Should I buy long-term care insurance to protect my assets and cover future expenses
Apr. 10, 2017 Article

What Considerations Should Be Made When Buying Long-Term Care Insurance?

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Q: Should I buy long-term care insurance to protect my assets and cover future expenses?

A: Long-term care insurance is often used to provide peace-of-mind, knowing the financial and non-financial caregiving decisions of an extended illness can be made with confidence.

According to the U.S. Department of Health and Human Services, 7 in 10 people over the age of 65 will require long-term care. This compares to a 1 in 340 chance of a major auto accident and a 1 in 1,200 chance of a total loss from a house fire.  

Furthermore, the cost of long-term care (LTC) is high. The U.S. median cost of a private room in a nursing facility is $7,700 per month, an assisted living facility is $3,600 per month and home care is $3,900 per month1. A 55-year-old could expect to pay $600,000 to $750,000 for nursing care at the age of 80.  This can easily wipe out a lifetime of savings2.

The first thing you should consider is whether you have a financial need for long-term care insurance. In other words, do you have sufficient assets to be able to self-insure or do you need some type of insurance to avoid depleting your wealth in the event that you need assisted living?

For some clients, this is more of an emotional decision than a financial one. We have a client who is a nurse and her husband is a physician. They bought a long-term care (LTC) policy so neither of them would feel guilty about hiring help in the event the either spouse needed it. This is a case where the insurance coverage was appropriate even though they didn’t technically have a financial need for it.

Q: If I’m interested in buying LTC insurance, what options are available?

A: There are many long-term care insurance solutions and the process of sifting through them can be overwhelming.

At Mariner, we classify the types of coverage for an extended illness into three categories. First is the traditional long-term care policy. The general design is a lifetime premium that will likely increase. It provides a reimbursement of qualified expenses once a triggering event has occurred. Due to challenging actuarial issues, these policies are issued by an ever-dwindling number of carriers.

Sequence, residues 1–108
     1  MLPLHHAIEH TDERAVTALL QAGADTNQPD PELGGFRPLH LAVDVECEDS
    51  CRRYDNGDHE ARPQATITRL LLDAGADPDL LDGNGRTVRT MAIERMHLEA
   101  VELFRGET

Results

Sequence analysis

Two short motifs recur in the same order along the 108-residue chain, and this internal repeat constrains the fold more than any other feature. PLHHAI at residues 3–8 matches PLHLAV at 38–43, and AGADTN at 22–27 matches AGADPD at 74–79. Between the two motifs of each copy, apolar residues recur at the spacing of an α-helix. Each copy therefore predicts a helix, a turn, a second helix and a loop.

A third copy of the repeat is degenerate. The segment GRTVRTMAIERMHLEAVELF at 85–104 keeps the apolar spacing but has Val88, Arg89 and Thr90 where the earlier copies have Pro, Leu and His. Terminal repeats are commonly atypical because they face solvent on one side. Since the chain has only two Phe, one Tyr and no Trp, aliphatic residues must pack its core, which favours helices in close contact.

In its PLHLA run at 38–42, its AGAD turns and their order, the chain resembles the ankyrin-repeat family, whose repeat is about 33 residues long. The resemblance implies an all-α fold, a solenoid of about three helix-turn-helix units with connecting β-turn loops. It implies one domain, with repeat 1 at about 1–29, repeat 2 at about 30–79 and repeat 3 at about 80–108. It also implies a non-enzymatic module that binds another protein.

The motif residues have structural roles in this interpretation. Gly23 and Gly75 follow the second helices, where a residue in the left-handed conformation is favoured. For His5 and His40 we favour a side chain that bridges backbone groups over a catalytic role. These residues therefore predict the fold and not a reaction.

Pro: The initial premium provides the most monthly benefit of any strategy

Con: Many see this as a use it or lose it strategy with increasing premiums.

A second strategy is an asset-based design. This strategy can be considered a shift of cash assets because you make a payment(s) into a plan that provides more than just a reimbursement of qualified care expenses. Many of these plans are “no questions asked“ anytime return of premiums is paid, an income tax-free death benefit, and a monthly benefit that grows (as an inflation adjustment) annually for life.  In most cases, all these benefits are guaranteed contractually.  

Pro: Strong guarantees for future benefits, no possibility for rate increases

Con: Highest initial cash outlay.  

The third strategy is a new design of life insurance. Traditionally, there is no way to access death benefits from a life insurance policy prior to death. In recent times, many carriers have designed riders on new policies allowing the policy owner to use the death benefit, during their lifetime, as a means to provide funding for an extended illness. These plans can be designed to have custom-tailored guaranteed premiums and death benefits.  

Pro: Highest income tax-free death benefit of these plans

Con: No increasing benefits to offset inflation.  

There is not a “one size fits all” solution, which is why we consider all options when working on your overall wealth plan.

1Genworth.com

2AARP.com 

Certain Mariner Wealth Advisors representatives are licensed insurance agents and are compensated for the sale of insurance-related products through an affiliated insurance agency.